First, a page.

• Taxis are available at both airports as well. The ride from Charles de Gaulle into Paris takes about 45 minutes and costs €50-€65.


Even if you’ve never been to Paris, once you arrive, it’s instantly recognizable. Of course the most iconic monument in town is the wrought iron lattice Eiffel Tower, built between 1887-1889 for the World’s Fair. The tower has three levels for visitors and tickets are available for ascension either by foot or elevator.

The city’s other triumphantly famous landmark is the Arc de Triomphe, commissioned by Emperor Napoleon and completed in 1836. It stands at the western end of the Champs-Élysées boulevard and is open to visitors who are well rewarded at its pinnacle with panoramic views of the city.

Of Paris’ grand cathedrals, its most well known is Notre Dame. Built between 1163-1345 (yes, that’s almost 200 years), the medieval Catholic cathedral houses some of the religion’s most important relics. Visit and marvel at its rose windows, flying buttresses and ornate gargoyles.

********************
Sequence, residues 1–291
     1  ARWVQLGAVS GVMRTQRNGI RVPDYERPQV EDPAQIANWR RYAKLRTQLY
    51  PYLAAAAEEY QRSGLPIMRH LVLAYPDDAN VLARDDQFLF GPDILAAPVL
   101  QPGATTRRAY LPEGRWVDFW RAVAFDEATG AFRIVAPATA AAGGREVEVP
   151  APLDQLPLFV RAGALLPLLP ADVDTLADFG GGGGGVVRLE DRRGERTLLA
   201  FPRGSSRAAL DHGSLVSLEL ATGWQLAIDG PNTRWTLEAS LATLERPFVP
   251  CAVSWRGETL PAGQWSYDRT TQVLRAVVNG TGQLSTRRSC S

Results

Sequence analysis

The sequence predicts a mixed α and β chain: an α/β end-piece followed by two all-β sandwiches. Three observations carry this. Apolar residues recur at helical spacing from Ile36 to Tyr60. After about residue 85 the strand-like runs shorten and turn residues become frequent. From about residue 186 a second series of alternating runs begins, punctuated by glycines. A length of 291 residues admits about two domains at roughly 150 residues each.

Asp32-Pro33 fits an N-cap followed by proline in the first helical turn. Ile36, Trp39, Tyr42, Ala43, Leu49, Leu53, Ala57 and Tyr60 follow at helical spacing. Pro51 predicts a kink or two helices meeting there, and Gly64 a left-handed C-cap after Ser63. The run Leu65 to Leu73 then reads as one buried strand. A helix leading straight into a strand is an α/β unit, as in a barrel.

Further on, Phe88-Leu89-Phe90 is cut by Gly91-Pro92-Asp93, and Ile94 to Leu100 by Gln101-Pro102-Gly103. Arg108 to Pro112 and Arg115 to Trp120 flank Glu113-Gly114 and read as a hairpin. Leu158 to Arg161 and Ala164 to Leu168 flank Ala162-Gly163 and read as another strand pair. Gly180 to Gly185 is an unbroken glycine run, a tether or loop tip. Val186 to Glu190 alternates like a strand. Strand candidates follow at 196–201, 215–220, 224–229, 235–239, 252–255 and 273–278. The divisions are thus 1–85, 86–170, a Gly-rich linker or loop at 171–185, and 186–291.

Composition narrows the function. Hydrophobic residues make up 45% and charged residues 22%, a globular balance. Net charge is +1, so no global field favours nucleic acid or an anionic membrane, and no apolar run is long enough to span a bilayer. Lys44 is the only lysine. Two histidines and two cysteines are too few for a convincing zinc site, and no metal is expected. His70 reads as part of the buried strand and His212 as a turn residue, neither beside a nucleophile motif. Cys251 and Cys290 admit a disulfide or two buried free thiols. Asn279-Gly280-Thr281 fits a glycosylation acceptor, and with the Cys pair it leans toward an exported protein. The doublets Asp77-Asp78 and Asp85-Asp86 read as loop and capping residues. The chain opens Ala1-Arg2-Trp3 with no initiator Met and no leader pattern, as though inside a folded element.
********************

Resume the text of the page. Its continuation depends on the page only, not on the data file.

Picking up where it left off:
Of all the Parisian museums (and there are many), by far its most famous ¾ and vast ¾ is the Louvre. You’ll want to set aside the better part of a day to take in its collection. And still, you’ll only be dipping your toe in the water. The cavernous 782,910 square-foot museum houses Egyptian and Near Eastern antiquities, Greek, Etruscan and Roman works, Islamic art, sculpture, painting, decorative arts, prints and drawings. And all those people crowded into a single room? They’re trying to lay eyes on the Mona Lisa.

Other not-to-miss museums include the Musée d’Orsay with its Impressionist and post-Impressionist masterpieces, the Musée Rodin dedicated to the French sculptor most famous for The Thinker and the modern and architecturally high-tech Centre Pompidou.


There is no mistaking that Paris is a city for shopping. You might find here that even the corner drugstore sells fine perfumes and fancy handbags. Ground zero for lining your arms with shopping bags is the Champs-Élysées, where the flagship stores of luxury French labels like Hermès and Louis Vuitton mingle with other recognizable British, Italian and American names.